• Congratulations! If you’re reading this Guide, then your manager already sent you a welcome email and attached your letter of offer. Get an early start on your future employment by learning about the Department: Fisheries and Oceans Canadathe Canadian Coast Guard and the Portal for new employees and students. Sign, date and return the letter of offer to your hiring manager.
  • To avoid pay delays/issues, please submit all of these forms at least 17 business days before your start date: Employee questionnaireFederal tax credits returnProvincial tax credits return, and Direct deposit form.

Stay in regular contact with your manager, especially if there is a long wait period between the job offer and your start date. Be assertive and send a follow-up email. By asking questions, it shows your enthusiasm: “Who’s the Onboarding Lead? Do I have a Student Ambassador? etc.

Before your first day, you will receive your new DFO email address and your temporary password, including login instructions for Outlook, a list of important contacts and procedures.

What is remote work?

You should expect gradual changes to the current work-from-home situation. In the meantime, your manager will contact you to:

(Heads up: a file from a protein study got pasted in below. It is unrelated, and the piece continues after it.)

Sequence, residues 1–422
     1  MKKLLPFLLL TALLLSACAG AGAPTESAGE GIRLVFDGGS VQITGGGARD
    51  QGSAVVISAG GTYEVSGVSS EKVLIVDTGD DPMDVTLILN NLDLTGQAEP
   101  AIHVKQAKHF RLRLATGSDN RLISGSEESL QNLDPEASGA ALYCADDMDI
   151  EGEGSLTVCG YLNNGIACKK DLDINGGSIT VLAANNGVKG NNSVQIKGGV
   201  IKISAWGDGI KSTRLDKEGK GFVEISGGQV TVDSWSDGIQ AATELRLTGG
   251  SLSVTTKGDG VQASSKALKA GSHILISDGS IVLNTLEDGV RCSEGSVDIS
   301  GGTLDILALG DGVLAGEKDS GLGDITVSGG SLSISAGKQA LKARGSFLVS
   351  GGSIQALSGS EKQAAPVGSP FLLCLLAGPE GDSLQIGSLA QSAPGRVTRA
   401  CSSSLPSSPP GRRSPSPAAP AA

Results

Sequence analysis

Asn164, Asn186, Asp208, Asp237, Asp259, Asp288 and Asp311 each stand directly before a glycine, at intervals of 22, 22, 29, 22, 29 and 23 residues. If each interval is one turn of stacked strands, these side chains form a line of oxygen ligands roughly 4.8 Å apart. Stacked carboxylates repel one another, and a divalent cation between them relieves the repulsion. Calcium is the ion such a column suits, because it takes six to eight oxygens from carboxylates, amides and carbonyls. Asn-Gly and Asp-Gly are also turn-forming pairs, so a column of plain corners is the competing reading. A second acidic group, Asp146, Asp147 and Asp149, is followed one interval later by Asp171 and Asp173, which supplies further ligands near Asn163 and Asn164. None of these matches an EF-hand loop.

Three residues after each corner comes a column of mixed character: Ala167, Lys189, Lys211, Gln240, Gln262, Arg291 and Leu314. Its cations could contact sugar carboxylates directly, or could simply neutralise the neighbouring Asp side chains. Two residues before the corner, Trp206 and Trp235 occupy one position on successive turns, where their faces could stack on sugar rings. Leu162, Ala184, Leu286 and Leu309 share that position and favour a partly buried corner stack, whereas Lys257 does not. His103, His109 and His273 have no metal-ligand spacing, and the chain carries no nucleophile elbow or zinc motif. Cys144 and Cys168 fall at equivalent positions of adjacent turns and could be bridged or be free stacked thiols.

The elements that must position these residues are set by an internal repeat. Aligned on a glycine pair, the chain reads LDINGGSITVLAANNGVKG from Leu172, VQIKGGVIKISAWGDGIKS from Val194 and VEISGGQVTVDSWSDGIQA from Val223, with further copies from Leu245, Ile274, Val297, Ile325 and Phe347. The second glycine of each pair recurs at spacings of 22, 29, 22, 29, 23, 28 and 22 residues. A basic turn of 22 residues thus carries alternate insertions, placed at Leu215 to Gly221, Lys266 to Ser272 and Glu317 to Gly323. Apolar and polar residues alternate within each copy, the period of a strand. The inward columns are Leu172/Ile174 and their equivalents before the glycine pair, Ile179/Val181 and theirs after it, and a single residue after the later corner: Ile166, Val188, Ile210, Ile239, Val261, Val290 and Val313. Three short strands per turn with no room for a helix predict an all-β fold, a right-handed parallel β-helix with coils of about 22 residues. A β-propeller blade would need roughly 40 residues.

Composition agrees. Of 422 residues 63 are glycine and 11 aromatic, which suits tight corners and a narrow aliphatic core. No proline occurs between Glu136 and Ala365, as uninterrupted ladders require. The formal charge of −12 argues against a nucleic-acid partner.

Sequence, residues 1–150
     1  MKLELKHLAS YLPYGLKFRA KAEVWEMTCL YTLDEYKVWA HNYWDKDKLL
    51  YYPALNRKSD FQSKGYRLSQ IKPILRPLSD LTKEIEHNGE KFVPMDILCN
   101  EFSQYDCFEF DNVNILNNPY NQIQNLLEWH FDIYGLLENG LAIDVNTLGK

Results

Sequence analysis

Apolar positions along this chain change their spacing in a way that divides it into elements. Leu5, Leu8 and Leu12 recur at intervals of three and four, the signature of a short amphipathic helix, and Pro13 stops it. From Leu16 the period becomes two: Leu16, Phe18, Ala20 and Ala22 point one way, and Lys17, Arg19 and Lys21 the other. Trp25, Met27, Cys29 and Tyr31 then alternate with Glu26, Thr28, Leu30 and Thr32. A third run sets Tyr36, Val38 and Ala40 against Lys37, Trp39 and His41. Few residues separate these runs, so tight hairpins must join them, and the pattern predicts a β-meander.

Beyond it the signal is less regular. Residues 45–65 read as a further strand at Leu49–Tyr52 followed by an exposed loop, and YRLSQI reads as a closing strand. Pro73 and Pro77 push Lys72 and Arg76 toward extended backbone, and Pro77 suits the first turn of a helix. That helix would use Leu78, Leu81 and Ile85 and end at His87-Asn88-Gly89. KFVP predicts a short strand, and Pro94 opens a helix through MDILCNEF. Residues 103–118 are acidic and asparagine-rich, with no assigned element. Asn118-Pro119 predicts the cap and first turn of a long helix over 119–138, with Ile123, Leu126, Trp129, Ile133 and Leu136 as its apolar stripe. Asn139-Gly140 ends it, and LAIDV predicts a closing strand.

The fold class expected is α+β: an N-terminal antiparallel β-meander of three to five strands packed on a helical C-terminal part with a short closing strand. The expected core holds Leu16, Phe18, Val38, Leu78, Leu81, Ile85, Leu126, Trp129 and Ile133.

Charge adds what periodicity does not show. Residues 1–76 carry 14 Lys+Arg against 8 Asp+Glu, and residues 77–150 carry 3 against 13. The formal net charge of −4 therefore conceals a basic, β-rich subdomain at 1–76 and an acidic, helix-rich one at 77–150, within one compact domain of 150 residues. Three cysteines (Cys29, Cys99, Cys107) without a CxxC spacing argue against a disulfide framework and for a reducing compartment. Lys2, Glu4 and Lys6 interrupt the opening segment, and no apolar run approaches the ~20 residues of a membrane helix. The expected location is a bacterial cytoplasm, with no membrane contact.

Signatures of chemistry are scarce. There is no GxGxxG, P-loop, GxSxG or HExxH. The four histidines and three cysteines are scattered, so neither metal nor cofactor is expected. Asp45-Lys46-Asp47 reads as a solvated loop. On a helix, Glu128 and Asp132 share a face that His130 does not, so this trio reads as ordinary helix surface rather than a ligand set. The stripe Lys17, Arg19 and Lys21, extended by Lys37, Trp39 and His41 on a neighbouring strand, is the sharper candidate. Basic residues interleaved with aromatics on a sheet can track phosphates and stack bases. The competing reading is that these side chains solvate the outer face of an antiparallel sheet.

• Discuss your communication preferences and work tools (e.g. personal phone and computer);
  • Provide a thorough overview of your work assignment and allow time for questions;
  • Provide tips for working remotely and for setting up a home office.

For technical support, contact the IT Service Desk at 1-888-248-2210 (e.g. myKEY registration or authentication).

Stage 2: Your first day

The first day will mark the beginning of a significant period of adjustment for you. It’s normal to feel nervous or apprehensive, especially in a new and unfamiliar environment.

Why have a Student Ambassador?

You will be matched with a Student Ambassador, who is like a support figure that you can trust. Other than your manager, the Student Ambassador is your first point-of-contact. They’re expected to:

  • Initiate contact with new students;